Details on FTC enforcement action against four cancer charities – 6

This is the sixth in a series of posts diving deep into the detail mentioned in the complaint by FTC and all Attorneys General against four named cancer charities.

The complaint is visible be found here. I will quote and comment upon the complaint. My posts in this series are visible using the FTC tag.

This is the second of two posts on specific comments in the complaint addressing variance authority.

Continuing with the complaint…

  1. Corporate Defendants also could not permissibly claim ownership of the donated GIK because, in numerous instances, they had no discretion in choosing the beneficiary of the goods. Other than paying INTERMEDIATE’s fee, in numerous instances, Corporate Defendants did nothing to locate or research the foreign beneficiary or facilitate its receipt of the donated goods. INTERMEDIATE’s communications about “donation opportunities” routinely listed the planned destination and foreign recipient for available shipments. Corporate Defendants could accept or reject the opportunity to participate in any given transaction, but could not change the shipment’s destination or beneficiary. In numerous instances, prior to accepting INTERMEDIATE’s advertised shipment opportunity, Corporate Defendants had had no prior contact with the foreign recipients. Corporate Defendants did not typically communicate directly with the foreign recipients at all. Instead, in numerous instances, such communications were handled by the upstream donors or by INTERMEDIATE. Corporate Defendants did not verify the recipients’ needs for, or potential uses of, the goods, did not restrict such uses, and received little documentation regarding the end uses of the goods, which were often redistributed by the foreign recipients to other organizations.

There are multiple factors mentioned in paragraph 120, any one of which, if it occurred with a particular shipment would severely undercut any claim of variance authority. Each GIK shipment should be reviewed in light of that information.

A few factors that jump out at me which would call into question whether a shipment should be recognized as revenue:

  • no discretion for determining beneficiary
  • not researching beneficiary (there are federal income tax issues as well for oversight of recipients)
  • lack of ability to change recipient
  • lack of any contact with recipient
  • not verifying need of recipient
  • no oversight or even knowledge of end use (also federal income tax issue)

Am I misreading this paragraph?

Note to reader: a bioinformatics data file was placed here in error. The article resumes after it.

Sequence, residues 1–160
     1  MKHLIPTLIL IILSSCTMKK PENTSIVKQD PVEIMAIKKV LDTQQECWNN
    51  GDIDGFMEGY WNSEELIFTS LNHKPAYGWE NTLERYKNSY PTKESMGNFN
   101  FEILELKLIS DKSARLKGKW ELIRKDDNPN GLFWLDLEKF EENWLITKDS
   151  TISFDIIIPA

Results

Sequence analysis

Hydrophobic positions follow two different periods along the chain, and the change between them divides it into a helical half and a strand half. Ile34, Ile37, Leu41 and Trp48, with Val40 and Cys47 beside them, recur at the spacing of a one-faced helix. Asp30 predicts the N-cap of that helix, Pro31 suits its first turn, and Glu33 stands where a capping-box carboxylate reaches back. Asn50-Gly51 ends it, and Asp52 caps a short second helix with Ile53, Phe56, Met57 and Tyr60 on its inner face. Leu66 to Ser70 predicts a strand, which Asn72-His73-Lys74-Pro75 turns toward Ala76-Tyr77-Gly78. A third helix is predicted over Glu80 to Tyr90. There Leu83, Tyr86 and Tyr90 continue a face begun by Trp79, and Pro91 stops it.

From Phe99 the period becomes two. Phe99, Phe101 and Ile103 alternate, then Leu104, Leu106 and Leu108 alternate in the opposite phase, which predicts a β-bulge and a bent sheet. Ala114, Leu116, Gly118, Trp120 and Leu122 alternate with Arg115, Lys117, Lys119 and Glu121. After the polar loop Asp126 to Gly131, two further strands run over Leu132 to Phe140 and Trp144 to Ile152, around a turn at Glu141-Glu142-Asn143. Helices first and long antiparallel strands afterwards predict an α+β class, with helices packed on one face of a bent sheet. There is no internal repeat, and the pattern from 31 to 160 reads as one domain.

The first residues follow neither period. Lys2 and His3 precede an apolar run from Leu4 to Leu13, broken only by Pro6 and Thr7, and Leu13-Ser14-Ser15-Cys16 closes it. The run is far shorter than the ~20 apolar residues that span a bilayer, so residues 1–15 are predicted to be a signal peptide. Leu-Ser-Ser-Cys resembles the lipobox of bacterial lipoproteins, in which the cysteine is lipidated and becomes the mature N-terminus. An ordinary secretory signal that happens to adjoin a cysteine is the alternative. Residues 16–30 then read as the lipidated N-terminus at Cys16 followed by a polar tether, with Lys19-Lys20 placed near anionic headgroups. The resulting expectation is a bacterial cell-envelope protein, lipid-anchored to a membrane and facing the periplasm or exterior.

1. Corporate Defendants also, in numerous instances, lacked documents related to these GIK transactions that owners of GIK goods are expected to maintain. Without such documentation, Corporate Defendants could not claim the GIK as contributed revenue. What documentation that Corporate Defendants did have had come from INTERMEDIATE and did not adequately substantiate Corporate Defendants’ claimed receipt, possession, and subsequent distribution of the goods. Among other things, documents from INTERMEDIATE included thank you letters and distribution reports supposedly sent by foreign recipients to Corporate Defendants but that were instead manufactured by INTERMEDIATE using form letters, letterhead, and digital signatures on file in INTERMEDIATE’s computers. In numerous instances, such documents were backdated. In other instances, documents described GIK transactions that were literally impossible. For example, in some instances, the upstream donors purported to transfer title of goods to Corporate Defendants after the shipment had been received by the foreign recipient.

Those are severe accusations from the FTC.

This addresses the documentation issue as well as variance authority and even existence. Multiple items mentioned here would raise substantive questions about variance authority for any shipment involving that element. Some items here raise questions about existence of shipments.

For example, Intermediate creating documents from the recipients or backdating documents is problematic. Variance authority obviously cannot possibly exist if the shipment has already arrived at the recipient.

Now that we are pondering audit issues, think about SAS 99 for a moment. Any CPAs reading this should know what I mean. Any CPAs with clients recording large volumes of GIK should be uncomfortable right about now. Is this happening at any of your clients? How do you know?

  1. Under these circumstances, Corporate Defendants did not own the GIK goods; they were simply acting as “pass-through” agents between the upstream donors and end recipients. Such intermediaries may not report the value of goods passing through their hands as contributed revenue or as program service expense in their financial statements.

Again, for analysis in light of accounting rules, substitute variance authority for ownership in this paragraph. All issues stand.

If any of the preceding factors apply to any specific shipment, there is a serious question whether variance authority exists. If any of those factors applied, sure does seem to me that the container would be an agency transaction and no revenue should be recorded.

Based on the comments in the complaint, large number of containers should not have been recognized as revenue. Because this is a complaint, the details of what factors applied on which shipments will have to come out at trial before we can see the specifics.

Next: part 7.

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